*** About my rating system: My rating system is very personal, it is fallible, it changes as I change, and you can read more about it here. And yes, I know, you don’t have to enlighten me about it: the reading experience can never be reduced to numbers, nor be translated to a scale without undergoing some kind of loss. But there are some interesting things you learn about yourself when you try to do it.

**** A note to the readers: Please bear in mind that, when I review a book, I’m not giving shopping advice: I’m trying to explain how I think the book works or not, and what is interesting or not about it. In the same vein, when I read a review, I’m not looking for endless recommendations, but for a good discussion. ‘Like/don’t like’ are not the only criteria at use when reviewing a book – in fact, “like” and “enjoy” are not even the two most important words when talking, writing, or thinking about literature.

***** A special note to students: if you quote from this blog, please cite it properly. Judging by traffic statistics, your teachers are not stupid. 😉

****** Finally: The posts and videos published here are not sponsored, I earn nothing from them, and the material published in this blog is in conformation with Fair Use – criticism and comment, research and scholarship, and other educational uses. This is a personal blog. To know more about the blog policies, visit this page. All artworks posted here are the property of their respective copyright owners. Any works posted against the wishes of the copyright owner will be removed asap upon request.

Useful links

Thank you for your visit! 🙂

Header Image:

Lucas Cranach the Elder, ‘Adam and Eve’, 1526 [Detail]

Lucas Cranach the Elder
Adam and Eve

29 thoughts on “About

  1. Juliana, thanks for visiting Dolce Bellezza again today. It’s nice to be here, surrounded in your prose which reads like poetry and the beautiful art. Am I confused about My Carved Words being another blog of yours? I will mark down this if this is your primary blog. xo

    Liked by 1 person

    1. Thank you for your visit, Bellezza! Yes, My Carved Words was my previous blog :). I was overwhelmed with too much reading projects and books to review, and just needed a change of scenery, I guess. 🙂 xo


  2. Your blog is lovely. The illustrations are fantastic. I especially enjoy the way you frame your reviews as letters to the writers. Our Classics Club reading lists have many titles in common. I look forward to reading your blog.

    Liked by 1 person

    1. Thank you, Arachne! I also found your blog today, through the Classics Club. Your list is incredible! If you like, we could do a readalong/ buddy read for one of the books we have in common 🙂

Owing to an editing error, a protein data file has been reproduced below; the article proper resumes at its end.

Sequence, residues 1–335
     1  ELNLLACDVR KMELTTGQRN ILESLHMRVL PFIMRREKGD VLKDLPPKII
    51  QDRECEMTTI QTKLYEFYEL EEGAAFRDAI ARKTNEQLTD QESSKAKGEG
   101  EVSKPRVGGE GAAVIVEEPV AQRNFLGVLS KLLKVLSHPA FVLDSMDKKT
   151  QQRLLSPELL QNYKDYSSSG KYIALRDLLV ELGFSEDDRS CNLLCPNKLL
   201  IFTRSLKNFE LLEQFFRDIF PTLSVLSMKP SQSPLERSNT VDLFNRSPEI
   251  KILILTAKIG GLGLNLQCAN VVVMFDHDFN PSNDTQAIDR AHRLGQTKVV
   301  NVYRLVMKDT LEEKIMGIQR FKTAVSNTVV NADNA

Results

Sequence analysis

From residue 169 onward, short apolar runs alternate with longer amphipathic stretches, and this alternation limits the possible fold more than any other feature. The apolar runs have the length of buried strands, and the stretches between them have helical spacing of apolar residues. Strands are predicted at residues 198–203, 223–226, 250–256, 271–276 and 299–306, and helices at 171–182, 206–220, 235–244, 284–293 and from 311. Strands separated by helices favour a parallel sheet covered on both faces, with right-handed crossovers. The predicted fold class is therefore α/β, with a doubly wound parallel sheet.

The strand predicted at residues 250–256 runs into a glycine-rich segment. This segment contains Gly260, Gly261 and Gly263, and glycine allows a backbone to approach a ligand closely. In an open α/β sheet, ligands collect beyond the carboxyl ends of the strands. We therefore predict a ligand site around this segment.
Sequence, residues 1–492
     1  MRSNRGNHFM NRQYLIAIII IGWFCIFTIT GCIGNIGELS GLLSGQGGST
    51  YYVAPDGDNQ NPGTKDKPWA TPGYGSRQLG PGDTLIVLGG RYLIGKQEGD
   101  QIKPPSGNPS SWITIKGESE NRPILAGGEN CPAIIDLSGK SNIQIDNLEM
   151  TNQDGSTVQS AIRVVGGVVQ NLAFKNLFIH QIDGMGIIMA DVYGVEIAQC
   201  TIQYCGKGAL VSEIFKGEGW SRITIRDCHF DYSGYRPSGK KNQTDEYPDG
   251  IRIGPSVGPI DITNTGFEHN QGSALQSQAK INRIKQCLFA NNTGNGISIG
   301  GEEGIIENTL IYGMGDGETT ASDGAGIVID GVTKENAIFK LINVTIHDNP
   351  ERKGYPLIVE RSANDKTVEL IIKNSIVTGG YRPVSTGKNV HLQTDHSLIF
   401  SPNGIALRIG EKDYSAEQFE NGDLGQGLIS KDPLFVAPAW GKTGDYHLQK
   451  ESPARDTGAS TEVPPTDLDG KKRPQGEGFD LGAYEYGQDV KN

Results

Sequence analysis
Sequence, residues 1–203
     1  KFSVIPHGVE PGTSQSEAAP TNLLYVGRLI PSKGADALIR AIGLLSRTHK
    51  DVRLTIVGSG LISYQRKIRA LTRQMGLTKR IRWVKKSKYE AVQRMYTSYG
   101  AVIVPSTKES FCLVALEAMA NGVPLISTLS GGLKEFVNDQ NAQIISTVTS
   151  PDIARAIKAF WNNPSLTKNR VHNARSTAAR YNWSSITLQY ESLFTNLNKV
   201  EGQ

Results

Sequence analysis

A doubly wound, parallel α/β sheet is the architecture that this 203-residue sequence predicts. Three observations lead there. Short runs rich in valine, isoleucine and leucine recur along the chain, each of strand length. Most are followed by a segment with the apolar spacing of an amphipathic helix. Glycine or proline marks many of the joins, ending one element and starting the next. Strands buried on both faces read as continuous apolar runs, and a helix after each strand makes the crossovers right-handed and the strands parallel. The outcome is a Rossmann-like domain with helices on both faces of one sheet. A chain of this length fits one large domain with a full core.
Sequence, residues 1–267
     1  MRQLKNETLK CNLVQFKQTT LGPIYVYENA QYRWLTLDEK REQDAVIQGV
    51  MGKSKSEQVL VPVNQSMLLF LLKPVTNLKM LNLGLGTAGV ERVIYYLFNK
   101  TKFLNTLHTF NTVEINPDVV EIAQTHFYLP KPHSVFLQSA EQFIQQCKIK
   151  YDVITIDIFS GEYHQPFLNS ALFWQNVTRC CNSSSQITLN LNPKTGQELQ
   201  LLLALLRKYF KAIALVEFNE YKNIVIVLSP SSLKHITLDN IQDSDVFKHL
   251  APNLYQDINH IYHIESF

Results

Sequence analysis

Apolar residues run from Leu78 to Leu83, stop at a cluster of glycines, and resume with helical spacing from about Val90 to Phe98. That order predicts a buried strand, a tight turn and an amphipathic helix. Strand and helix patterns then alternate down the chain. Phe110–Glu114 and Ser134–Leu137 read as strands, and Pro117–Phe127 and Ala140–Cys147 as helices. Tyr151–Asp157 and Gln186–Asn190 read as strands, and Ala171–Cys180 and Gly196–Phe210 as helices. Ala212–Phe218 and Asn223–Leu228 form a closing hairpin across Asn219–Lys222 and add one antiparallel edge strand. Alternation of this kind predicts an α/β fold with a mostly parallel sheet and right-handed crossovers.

Liked by 1 person

    1. I see we have Cold Comfort Farm and Selected Works Sor Juana Ines de La Cruz in common. Both will be great for me, but I’m especially curious about the Selected Works. Do you have other books in mind?


  3. Both of those sound great. We could start with Sor Juana’s Selected Works and see how it goes. I’ve wanted to read her works for a long time.

    I’ve seen the movie of Cold Comfort Farm and think the novel would be fun, too.

    Liked by 1 person

  4. That sounds like a good idea. I just finished Classical Women Poets, so I can start whenever you’re ready. I’ve never really done a buddy read before. How would you like to schedule the readings?


    1. We could set the deadline for one month from now – I would say May, 31th for reading & reviewing. What do you think? 🙂 Btw, I wasn’t aware there was a Classical Women Poets event going on! Is it too late to join in?


  5. May 31 sounds good. Thank you for inviting me to read Sor Juana’s works with you. It will be fun to have someone to share it with. 🙂

    Oh, sorry, I wasn’t clear. It’s a book, not an event. “Classical Women Poets” edited and translated by Josephine Balmer is a small anthology of poems and fragments by Greek and Roman women poets ca. 620 BCE – ca. 420 A.D. It’s on my list for WCLE. I’m working on my post for it now.


    1. Thank you for accepting the invitation! The reason why I love blogging is this opportunity it gives us to share books and readings :). I’ll add “Classical Women Poets” to my TBR. I’m looking forward to reading your review of it then! 🙂


  6. I am so slow, but just now visiting your blog for the first time. And I am falling a little bit more in love with it with each post I open. So beautiful.


  7. Hello! I’m just discovering your blog thanks to the link on Simon Stuck-in-a-Book’s page. I love the aesthetics of your blog! I look forward to dipping in and out of reviews… If you’re interested, I also have a blog. Admittedly, I am terrible at posting regularly, but I’m going to try to do better.


  8. Thanks for welcoming me back so that I discovered your blog. I love it. I have already found lots for my own to read list. I am particularly interested in global women of color books–and women’s perspectives more generally. glad to be in touch.